But the presence or absence of a judge’s signature should be completely irrelevant. As I read Rule 58(b), it specifically contemplates that certain documents satisfying the separate document requirement need not contain a judge’s signature. They can instead be signed by the clerk. Thus, assuming that the Third Circuit accurately describes the various district court ECF case-related entries—and I would have preferred some additional citations—I do not see why a “utility event” (assuming this is what “CIVIL CASE TERMINATED” is; the opinion is not entirely clear) could not suffice as a Rule 58 judgment. If it said “CIVIL CASE TERMINATED – PLAINTIFF TAKES NOTHING – SIGNED THE CLERK,” wouldn’t that be enough? That is, assuming that text-only entries ever suffice?

    By extension, I do not know why the opinion says that the sufficiency of text-only orders is “hardly controversial” and that text-only orders “usually have no difficulty satisfying the separate document requirement of Rule 58(a).” As far as I am aware, there is precisely one other precedential Court of Appeals decision on the general sufficiency of text-only orders, and it too discusses the issue in dicta. And there is nothing inherently separate-document-requirement compliant about text-only orders. They can contain reasoning, for instance, which is prohibited under longstanding Third and D.C. Circuit precedent. I have seen plenty of text-only orders that are longer than your standard “regular” orders granting motions to dismiss.

    (Note also that, in discussing why minute entries cannot suffice, the court cites a *1992* Fifth Circuit decision, which I imagine predates electronic filing and ECF events. And as the Fifth Circuit’s opinion shows, that “minute entry” was five pages long and contained reasoning…it wouldn’t have sufficed in any event.)

    Finally, the court’s opinion does not address an issue that the appellee appears to raise on page 2 of its brief: whether the denial of the intervening motion for reconsideration started the 30-day clock early. Every court of appeals that has considered the issue has said “no,” and the Third Circuit’s opinion says “no” by implication. But it would have been nice to resolve the question.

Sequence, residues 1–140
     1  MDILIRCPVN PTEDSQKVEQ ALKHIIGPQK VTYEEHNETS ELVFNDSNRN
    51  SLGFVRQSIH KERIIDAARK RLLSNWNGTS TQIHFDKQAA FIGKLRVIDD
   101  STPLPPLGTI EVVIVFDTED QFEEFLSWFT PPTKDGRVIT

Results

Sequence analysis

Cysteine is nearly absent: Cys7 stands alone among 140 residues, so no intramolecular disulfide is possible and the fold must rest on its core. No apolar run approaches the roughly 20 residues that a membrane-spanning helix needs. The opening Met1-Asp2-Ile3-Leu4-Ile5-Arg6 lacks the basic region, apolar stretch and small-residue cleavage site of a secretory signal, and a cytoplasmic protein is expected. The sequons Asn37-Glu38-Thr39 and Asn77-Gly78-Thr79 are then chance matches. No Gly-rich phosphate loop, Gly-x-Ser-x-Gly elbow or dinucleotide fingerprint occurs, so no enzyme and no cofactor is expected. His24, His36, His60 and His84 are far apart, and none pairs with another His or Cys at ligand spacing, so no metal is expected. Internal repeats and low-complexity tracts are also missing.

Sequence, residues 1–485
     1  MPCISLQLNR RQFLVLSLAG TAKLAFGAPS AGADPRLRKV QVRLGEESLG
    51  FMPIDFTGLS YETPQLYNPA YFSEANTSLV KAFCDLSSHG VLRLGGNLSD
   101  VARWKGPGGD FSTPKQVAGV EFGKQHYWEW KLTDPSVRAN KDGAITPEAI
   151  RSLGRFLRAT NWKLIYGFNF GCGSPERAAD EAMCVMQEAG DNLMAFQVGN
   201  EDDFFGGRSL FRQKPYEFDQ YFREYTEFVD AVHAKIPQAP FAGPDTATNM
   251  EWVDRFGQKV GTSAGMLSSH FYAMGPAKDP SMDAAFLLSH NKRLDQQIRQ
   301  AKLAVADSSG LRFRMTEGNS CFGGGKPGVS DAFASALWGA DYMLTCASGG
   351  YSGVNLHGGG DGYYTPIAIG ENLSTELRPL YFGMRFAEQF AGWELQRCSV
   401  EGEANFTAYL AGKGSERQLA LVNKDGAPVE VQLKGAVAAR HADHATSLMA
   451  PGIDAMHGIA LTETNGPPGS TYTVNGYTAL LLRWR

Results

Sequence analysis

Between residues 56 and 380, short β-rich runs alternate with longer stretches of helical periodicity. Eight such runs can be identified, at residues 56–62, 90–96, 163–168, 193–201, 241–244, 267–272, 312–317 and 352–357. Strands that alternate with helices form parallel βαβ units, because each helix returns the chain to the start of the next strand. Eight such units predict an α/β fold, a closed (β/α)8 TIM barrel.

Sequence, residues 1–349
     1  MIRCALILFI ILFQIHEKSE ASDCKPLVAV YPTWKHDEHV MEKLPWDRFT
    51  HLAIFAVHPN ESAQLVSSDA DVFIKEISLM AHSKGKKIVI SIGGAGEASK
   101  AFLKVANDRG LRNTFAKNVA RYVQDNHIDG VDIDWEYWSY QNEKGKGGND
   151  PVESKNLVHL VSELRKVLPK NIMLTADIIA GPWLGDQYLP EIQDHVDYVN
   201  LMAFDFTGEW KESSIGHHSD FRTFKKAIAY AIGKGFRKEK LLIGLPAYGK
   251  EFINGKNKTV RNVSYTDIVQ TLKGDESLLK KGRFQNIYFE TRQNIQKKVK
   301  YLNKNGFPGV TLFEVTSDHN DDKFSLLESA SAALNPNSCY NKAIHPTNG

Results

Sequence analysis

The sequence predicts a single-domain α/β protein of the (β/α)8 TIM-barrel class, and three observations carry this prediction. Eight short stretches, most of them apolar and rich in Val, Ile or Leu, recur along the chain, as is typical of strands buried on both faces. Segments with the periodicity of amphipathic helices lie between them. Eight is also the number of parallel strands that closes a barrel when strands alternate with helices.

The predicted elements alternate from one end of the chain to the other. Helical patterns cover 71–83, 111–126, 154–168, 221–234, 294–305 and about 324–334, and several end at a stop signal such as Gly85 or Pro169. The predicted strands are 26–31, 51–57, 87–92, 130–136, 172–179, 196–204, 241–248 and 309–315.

Critiques notwithstanding, it is a good thing, as you point out, that at least one Court of Appeals has finally decided to grapple with the state of Rule 58 in the age of electronic filing. As I have argued elsewhere, Rule 58 should really be revised to account for modern electronic filing practices, and it should also incorporate the more than half century of case law defining its boundaries.

  2. Matthew Stiegler Post author

    David, I appreciate your excellent comment, and I agree with everything you’ve said. I think panel rehearing would be the right solution here.

    You’re right that “hardly controversial” is questionable. Besides the good points you make, I also can imagine courts reading the “and” in 58(c)(2) to foreclose the position that a docket entry can itself be the separate document, although substantial arguments can be made against that reading. I think the opinion would have been stronger had it engaged that point.

  3. David Goodwin

    I don’t think that panel rehearing is necessary, because on what the court *did* decide, it seems to have been right. The opinion and order didn’t satisfy the separate document requirement, so the 150-day time extension applied. The “CIVIL CASE TERMINATED” thing didn’t either. And while the court didn’t reach the issue, I don’t think that the motion for reconsideration forced entry of the judgment. So on the Rule 58 point, the outcome was fine. The additional dicta discussion strayed a bit, but it isn’t wrong, exactly, just ambiguous, and thus ripe for the picking of nits.